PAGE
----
Surprising White House Home Decor Rules the First Family Must Follow
Ever wonder what it’s like to decorate the White House? Well, it’s a lot more complicated than you might think. While there are plenty of private rooms and other approved areas for renovation, living at the White House is like living at a museum — as in, there are a lot of home decor rules that the First Family must follow in order to preserve history.
Up ahead, see some of the most surprising, wacky, and impossible rules the First Family must follow when moving in and redecorating 1600 Pennsylvania Avenue.
1. They can’t allow fresh air to come in
Whether we’re cleaning or redecorating, we love to open up the windows and let some fresh air flow through our homes. However, this is one luxury the First Family cannot enjoy.
When the Obamas first moved into the White House, they learned this rule pretty quickly. According to Daily News, the Obamas’ youngest daughter, Sasha opened her bedroom window and calls were made. Needless to say, that window stayed shut for the remainder of her time at 1600 Pennsylvania Avenue.
2. The first lady is in charge of choosing an interior designer to work with
Apparently the United States government doesn’t trust the first lady’s taste in home decor. Upon move-in day, the first lady is required to choose an interior designer to work with during the first family’s time at the White House.
3. They are basically ‘redecorating’ a museum
While they are allowed to redecorate, some items must remain (and require specific care). In fact, it’s someone’s job to ensure these items are preserved to White House standard. The White House curator is in charge of overseeing items like the grand piano and signature artworks.
4. They must have a theme for Christmas
Ever since Jackie O graced the White House with her presence (and taste in Christmas decorations) the White House has ensured that every first family sticks with a theme for Christmas decorations. Each year, the first lady is in charge of choosing decorations and decking the halls with boughs of holly (so long as it matches the theme).
5. They also have to design china for their administration
Another White House home decor rule the first family must follow? They must design a set of White House china for their administration. The Obama state china consists of 3,520-pieces (320 settings) rimmed in textured gold and featuring an inner ‘Kailua Blue’ band to reflect President Barack Obama’s home state of Hawaii.
6. Additions to the White House must be approved beforehand
Just because you’re the president of the United States, it doesn’t mean you get to do whatever you want, especially when it comes to making any additions to the White House. So, if President Donald Trump wants to turn the White House lawn into a golf course, he’ll need to ask for permission.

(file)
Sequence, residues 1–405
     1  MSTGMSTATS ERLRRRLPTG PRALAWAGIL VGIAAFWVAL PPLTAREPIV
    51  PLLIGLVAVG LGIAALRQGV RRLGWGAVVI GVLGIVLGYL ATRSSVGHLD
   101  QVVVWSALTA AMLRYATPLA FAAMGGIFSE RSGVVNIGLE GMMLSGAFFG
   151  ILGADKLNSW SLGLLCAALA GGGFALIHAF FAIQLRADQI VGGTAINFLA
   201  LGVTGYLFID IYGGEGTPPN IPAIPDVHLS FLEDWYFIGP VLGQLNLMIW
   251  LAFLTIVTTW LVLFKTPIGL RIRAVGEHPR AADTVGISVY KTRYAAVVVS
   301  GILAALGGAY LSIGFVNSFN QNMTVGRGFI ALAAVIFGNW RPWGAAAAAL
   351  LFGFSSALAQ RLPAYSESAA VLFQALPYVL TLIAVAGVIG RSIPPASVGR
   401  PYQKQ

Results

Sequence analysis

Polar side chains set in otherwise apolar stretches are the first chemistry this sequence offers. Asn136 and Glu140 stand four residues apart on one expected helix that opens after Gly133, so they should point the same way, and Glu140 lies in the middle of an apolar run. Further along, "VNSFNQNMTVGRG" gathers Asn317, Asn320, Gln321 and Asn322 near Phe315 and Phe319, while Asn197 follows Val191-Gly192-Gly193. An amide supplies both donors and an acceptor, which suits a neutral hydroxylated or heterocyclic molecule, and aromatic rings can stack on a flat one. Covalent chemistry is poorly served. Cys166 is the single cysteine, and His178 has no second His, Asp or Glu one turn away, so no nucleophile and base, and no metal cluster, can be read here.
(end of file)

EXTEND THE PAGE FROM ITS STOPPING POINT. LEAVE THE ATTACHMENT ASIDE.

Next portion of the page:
7. They have a budget given to them by Congress (but don’t have to take it)
One perk to redecorating the White House? Congress will front the bill up to $100,000. That said, the first family doesn’t have to take them up on their offer and can pay out of pocket, like the Obamas did.
8. They can’t spend too much money on redecorating
If the first family does decide to forgo the $100,000, they are still advised not to spend an extravagant amount of money on furnishings. That said, Trump has reportedly spent almost $2 million in White House renovations and the Obamas spent just under $1.5 million.
9. Changes can only be made to the second and third floors
When it comes to redecorating the White House, some rooms are off limits. Specifically, the Lincoln Room and Yellow Room (you know, to preserve history). That said, most of the second and third floors are free game.
10. They can fully renovate the Oval Office
Unlike some of the other historic rooms, the president can redecorate the Oval Office to his or her liking.
11. A cleaning crew of 100 must come in before the first family moves in
White House staff wants the first family to feel at home as soon as they set foot at 1600 Pennsylvania Avenue after the president’s inauguration. So, they hire a crew of 100 — made up of plumbers, maids, butlers, and electricians — to deep clean the house and ensure nothing remains from the previous family.
12. They have to pay for movers
Have you ever wondered how the first family moves into the White House? They pay movers to do it! While Congress is nice enough to give them a renovation budget, they do not cover moving costs for the first family.
13. Movers can move their personal items, but can’t bring them inside the White House
One of the bonuses of hiring movers is that they will unpack your things for you. However, this perk is forbidden for the first family. For security reasons, movers can move personal items to the White House, but they can cannot bring them inside.
14. They have to move all personal items themselves
With movers being banned from bringing their personal items inside, the first family must move all personal items themselves. However, this is tricky because they usually spend all day at the inauguration and getting ready for inaugural events. So, they have their staff do the heavy lifting for them.
15. They only have 12 hours to move in
The time frame to move in is really small, considering the First Family has other obligations on move-in day. On the day of inauguration, the family can’t move in until noon and only has 12 hours to get everything in order.
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